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Date:	Tue, 27 Oct 2009 10:09:04 -0600
From:	Bjorn Helgaas <bjorn.helgaas@...com>
To:	Yinghai Lu <yinghai@...nel.org>
Cc:	Jesse Barnes <jbarnes@...tuousgeek.org>,
	"linux-pci@...r.kernel.org" <linux-pci@...r.kernel.org>,
	"linux-kernel@...r.kernel.org" <linux-kernel@...r.kernel.org>,
	Ingo Molnar <mingo@...e.hu>
Subject: Re: [PATCH] pci: only release that resource index is less than 3

On Monday 26 October 2009 06:20:28 pm Yinghai Lu wrote:
> Bjorn Helgaas wrote:
> > On Mon, 2009-10-26 at 14:23 -0700, Yinghai Lu wrote:
> > 
> >> ===================================================================
> >> --- linux-2.6.orig/drivers/pci/setup-bus.c
> >> +++ linux-2.6/drivers/pci/setup-bus.c
> >> @@ -322,33 +322,54 @@ static void pci_bridge_check_ranges(stru
> >>  	}
> >>  }
> >>  
> >> -/* Helper function for sizing routines: find first available
> >> -   bus resource of a given type. Note: we intentionally skip
> >> -   the bus resources which have already been assigned (that is,
> >> -   have non-NULL parent resource). */
> >> -static struct resource *find_free_bus_resource(struct pci_bus *bus, unsigned long type)
> >> +void pci_bridge_release_not_used_res(struct pci_bus *bus)
> >>  {
> >>  	int i;
> >>  	struct resource *r;
> >>  	unsigned long type_mask = IORESOURCE_IO | IORESOURCE_MEM |
> >>  				  IORESOURCE_PREFETCH;
> >>  
> >> -	for (i = 0; i < PCI_BUS_NUM_RESOURCES; i++) {
> >> +	/* for pci bridges res only */
> >> +	for (i = 0; i < 3; i++) {
> > 
> > I think the "i = 0; i < 3" part is to check the bridge apertures, i.e.,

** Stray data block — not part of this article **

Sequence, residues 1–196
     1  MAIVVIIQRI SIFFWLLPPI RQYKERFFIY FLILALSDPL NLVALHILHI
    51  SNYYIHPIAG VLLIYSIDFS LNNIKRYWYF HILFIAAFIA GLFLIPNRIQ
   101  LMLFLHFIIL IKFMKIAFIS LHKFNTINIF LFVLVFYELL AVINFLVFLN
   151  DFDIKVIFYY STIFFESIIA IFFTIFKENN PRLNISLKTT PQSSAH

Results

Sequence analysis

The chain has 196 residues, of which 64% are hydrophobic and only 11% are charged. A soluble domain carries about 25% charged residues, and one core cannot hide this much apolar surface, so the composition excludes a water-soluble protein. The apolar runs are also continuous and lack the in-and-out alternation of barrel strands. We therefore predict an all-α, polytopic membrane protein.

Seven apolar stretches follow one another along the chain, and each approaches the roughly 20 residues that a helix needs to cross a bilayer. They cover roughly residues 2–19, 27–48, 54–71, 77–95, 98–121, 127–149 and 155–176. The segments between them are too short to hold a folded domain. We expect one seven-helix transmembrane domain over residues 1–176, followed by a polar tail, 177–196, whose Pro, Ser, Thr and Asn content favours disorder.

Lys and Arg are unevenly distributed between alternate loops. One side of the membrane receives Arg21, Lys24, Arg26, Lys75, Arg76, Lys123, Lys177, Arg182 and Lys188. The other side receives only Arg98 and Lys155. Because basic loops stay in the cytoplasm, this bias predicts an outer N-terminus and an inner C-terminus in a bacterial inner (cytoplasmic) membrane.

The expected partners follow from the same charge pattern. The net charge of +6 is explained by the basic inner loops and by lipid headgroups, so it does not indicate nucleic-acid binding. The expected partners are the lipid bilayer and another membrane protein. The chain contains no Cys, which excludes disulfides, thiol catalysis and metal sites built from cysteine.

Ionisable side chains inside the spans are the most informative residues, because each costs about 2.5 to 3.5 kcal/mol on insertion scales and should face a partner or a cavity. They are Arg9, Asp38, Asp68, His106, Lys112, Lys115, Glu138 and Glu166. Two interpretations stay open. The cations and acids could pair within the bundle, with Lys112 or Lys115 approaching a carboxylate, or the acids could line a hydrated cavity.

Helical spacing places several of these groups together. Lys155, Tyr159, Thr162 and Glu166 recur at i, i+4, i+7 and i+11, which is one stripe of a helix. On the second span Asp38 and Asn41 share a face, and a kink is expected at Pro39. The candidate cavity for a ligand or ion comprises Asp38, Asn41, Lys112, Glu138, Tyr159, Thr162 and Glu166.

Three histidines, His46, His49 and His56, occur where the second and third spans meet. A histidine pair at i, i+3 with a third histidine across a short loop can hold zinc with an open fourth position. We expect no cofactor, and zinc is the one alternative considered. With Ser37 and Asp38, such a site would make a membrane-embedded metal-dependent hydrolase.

> > the I/O base/limit, the memory base/limit, and the prefetchable memory
> > base/limit.  Right?  We need some way to indicate that more clearly than
> > using a hard-coded "3".
> 
> yes. the 0x1c, 0x20, and 0x28

Do you have a proposal for something other than "3"?  The magic number
"3" does appear other places, e.g., pci_read_bridge_bases() but I don't
think we should add new uses of it.  Make up a descriptive #define if
nothing else.

> >>  		r = bus->resource[i];
> >> -		if (r == &ioport_resource || r == &iomem_resource)
> >> -			continue;
> >> -		if (r && (r->flags & type_mask) == type) {
> >> +		if (r && (r->flags & type_mask)) {
> >>  			if (!r->parent)
> >> -				return r;
> >> +				continue;
> >>  			/*
> >>  			 * if there is no child under that, we should release
> >>  			 * and use it. don't need to reset it, pbus_size_* will
> >>  			 * set it again
> >>  			 */
> >>  			if (!r->child && !release_resource(r))
> > 
> > We got this resource pointer out of a struct pci_bus, and we release it
> > here.  We must have previously done a request_resource(),
> > allocate_resource(), or similar.  Where does that happen?  Are the
> > requests and releases nested correctly?
> > 
> > I would think that somewhere, we would be doing a request_resource() and
> > assigning the resource to pci_bus->resource[x].  But there are very few
> > assignments to the pci_bus resources:
> >   setup_resource (only for "pci=use_crs")
> >   pci_read_bridge_bases (just a copy from upstream bus resources)
> >   pci_alloc_child_bus (copy from upstream bridge resources)
> >   pci_create_bus (set to &ioport_resource or &iomem_resource)
> > 
> > My guess is that this release_resource() releases something we copied
> > from the bridge in pci_alloc_child_bus().  But that doesn't seem right,
> > because we aren't changing the bridge programming here.
> 
> in arch/x86/pci/i386.c::
> pcibios_resource_survey() ==> pcibios_allocate_bus_resources()

The asymmetry here bothers me.  The pci_claim_resource() in
pcibios_allocate_bus_resources() is done on a *device*, while the
release_resource() you added is done on a *bus*.  And the claim is
done in arch-specific code, while the release is done in generic
code.  And there's an interval where the bridge device resources
don't match the hardware apertures, and it's hard to figure out
when they are in sync again.

This might all work fine, but it's harder to understand than it
should be.

Bjorn
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